Nicholas Galanin (b. 1979) is an artist of Tlingit ancestry who lives and works in Sitka, Alaska. Trained through apprenticeship and formal study in wood carving, metalwork, and tool making, he uses a range of media, including sculpture and video, to expand his own practice and investigate how “Northwest Coast art” is situated in relation to cultural values, contemporary issues, and global art worlds.
His new work, Raven and the First Immigrant, is on display on the patio just outside the Bill Reid Rotunda, directly facing Reid’s iconic sculpture, The Raven and the First Men.
About the piece, Galanin says:
I never met the late artist Bill Reid or spoke with him, although his work has met me, spoken to me, and both inspired and influenced my artistic journey.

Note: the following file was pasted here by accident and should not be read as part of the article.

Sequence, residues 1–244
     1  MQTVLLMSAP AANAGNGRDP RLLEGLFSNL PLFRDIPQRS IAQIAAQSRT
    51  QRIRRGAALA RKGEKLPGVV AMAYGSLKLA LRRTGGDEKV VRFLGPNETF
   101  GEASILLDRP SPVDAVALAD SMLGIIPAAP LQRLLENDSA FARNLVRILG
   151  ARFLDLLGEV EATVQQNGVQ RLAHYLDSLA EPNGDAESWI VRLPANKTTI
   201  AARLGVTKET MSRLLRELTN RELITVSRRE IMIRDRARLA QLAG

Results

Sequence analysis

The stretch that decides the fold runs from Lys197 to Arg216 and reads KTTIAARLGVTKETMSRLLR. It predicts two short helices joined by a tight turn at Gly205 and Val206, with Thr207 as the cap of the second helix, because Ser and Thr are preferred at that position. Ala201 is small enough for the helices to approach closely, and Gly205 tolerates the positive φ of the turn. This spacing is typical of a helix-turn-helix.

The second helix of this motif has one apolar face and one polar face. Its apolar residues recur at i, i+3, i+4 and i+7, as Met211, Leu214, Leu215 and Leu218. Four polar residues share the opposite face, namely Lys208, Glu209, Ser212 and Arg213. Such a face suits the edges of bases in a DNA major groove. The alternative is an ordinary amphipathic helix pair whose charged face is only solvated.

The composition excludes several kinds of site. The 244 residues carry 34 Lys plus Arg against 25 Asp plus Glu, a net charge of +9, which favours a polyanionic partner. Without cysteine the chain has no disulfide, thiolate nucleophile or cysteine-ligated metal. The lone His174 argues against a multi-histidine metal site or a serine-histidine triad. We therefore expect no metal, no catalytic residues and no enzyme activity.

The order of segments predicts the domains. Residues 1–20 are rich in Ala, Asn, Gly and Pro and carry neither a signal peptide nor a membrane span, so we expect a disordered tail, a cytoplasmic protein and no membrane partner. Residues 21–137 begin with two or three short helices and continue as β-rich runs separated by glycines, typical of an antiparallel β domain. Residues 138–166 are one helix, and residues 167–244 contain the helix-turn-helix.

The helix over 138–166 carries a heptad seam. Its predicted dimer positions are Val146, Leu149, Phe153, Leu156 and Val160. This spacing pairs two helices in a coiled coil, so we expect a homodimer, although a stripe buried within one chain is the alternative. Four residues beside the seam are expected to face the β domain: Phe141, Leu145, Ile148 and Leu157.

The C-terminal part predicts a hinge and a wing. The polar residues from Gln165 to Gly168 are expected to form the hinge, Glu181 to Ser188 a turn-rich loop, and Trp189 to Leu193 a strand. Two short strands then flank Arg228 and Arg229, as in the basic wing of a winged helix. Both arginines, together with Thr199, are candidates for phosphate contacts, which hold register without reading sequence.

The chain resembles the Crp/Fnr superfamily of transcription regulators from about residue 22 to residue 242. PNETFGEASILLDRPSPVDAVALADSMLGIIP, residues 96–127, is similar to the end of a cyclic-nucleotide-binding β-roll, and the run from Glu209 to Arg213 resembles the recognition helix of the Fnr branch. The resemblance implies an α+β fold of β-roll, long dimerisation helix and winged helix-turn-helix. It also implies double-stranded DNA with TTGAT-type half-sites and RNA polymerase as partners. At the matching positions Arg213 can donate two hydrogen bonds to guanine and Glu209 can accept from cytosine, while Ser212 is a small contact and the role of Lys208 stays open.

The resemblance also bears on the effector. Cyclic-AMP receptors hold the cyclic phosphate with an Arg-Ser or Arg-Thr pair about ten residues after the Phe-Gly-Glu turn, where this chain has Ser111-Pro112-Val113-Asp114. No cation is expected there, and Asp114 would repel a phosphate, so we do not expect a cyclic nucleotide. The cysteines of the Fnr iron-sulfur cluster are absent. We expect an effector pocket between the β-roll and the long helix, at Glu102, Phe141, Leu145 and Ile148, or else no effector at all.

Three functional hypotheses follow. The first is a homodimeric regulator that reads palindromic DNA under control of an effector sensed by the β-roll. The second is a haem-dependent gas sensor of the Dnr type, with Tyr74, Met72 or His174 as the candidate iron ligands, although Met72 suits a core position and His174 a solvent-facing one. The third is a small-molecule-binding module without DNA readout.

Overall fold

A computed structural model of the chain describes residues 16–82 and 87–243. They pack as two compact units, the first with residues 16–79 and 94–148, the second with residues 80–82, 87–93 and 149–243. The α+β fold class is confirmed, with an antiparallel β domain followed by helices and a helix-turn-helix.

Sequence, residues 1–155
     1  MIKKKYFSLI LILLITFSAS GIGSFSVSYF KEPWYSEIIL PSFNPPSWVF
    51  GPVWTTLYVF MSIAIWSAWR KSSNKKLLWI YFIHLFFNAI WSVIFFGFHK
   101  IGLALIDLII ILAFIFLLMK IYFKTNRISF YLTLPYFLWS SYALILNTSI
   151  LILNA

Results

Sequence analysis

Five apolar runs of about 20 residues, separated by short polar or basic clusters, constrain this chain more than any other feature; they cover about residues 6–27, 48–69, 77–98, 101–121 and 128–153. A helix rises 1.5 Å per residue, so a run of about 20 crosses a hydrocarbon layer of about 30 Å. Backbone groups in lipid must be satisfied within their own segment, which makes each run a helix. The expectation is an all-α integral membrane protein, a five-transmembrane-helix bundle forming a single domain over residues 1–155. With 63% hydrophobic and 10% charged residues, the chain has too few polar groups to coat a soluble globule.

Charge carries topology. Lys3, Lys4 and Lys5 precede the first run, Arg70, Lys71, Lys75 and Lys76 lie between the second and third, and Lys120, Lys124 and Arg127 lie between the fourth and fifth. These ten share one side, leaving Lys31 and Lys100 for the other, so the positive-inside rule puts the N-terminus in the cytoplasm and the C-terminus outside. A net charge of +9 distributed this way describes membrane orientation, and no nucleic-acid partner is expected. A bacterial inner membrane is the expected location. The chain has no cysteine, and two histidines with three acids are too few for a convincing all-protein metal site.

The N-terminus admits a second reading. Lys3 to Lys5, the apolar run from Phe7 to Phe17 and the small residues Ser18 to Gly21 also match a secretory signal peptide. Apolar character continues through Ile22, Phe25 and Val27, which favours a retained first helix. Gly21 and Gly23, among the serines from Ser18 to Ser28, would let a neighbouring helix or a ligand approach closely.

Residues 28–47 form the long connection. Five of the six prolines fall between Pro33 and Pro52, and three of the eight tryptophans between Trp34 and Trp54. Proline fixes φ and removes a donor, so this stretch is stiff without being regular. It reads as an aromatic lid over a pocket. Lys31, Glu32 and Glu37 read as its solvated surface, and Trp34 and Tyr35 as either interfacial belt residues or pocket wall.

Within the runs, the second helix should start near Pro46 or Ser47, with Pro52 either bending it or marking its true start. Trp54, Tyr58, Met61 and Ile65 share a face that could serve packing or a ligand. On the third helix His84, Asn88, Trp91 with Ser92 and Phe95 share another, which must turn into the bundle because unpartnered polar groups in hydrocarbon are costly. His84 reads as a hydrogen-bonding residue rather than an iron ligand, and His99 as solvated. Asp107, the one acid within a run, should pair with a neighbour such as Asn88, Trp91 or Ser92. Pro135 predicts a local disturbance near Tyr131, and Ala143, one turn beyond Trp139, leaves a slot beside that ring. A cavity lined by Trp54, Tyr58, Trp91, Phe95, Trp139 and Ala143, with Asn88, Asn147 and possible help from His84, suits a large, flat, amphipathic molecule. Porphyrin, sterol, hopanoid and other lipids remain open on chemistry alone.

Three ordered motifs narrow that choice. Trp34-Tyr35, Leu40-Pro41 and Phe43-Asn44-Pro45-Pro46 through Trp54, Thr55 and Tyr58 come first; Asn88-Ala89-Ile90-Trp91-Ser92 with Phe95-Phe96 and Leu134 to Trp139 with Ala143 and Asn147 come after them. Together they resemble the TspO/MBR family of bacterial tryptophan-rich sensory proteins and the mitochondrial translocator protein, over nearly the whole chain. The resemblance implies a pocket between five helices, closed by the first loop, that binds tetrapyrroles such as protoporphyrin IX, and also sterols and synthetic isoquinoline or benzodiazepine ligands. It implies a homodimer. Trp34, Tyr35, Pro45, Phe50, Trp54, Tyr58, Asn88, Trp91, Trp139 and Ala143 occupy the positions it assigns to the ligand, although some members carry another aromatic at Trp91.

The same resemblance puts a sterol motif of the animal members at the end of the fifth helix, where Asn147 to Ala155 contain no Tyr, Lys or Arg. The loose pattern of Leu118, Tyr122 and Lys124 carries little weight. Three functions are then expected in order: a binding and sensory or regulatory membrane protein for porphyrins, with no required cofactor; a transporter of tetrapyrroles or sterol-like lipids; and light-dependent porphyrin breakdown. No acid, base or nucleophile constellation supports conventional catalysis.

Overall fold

I outsourced the carving of this piece, “Raven and the First Immigrant,” to a (non-Native) chainsaw artist. The piece was installed here at the Museum of Anthropology 30 years to the day after Reid’s sculpture, “The Raven and the First Men,” was unveiled. Mine is an intentionally imperfect reflection of his iconic piece. Both works depict the Raven, a curious trickster, known for feeding into a desire to interfere or change things—like coaxing men and women into the world. Reid’s Raven is a triumph of technical mastery. My reflection is layered with impurities and distortion through its title, process, concept, context, material, scale, installation, and the space it occupies. It is outside, looking in.
Northwest Coast art today is plagued with conservatism. It is notorious for its demand of technical skill in the crafting of cultural imagery. At what point does “Native art” become less perfect, less ideally “Indian,” less predictable and understood? Sovereign creativity is something we must not abandon as indigenous artists. This is the position from which we navigate the world.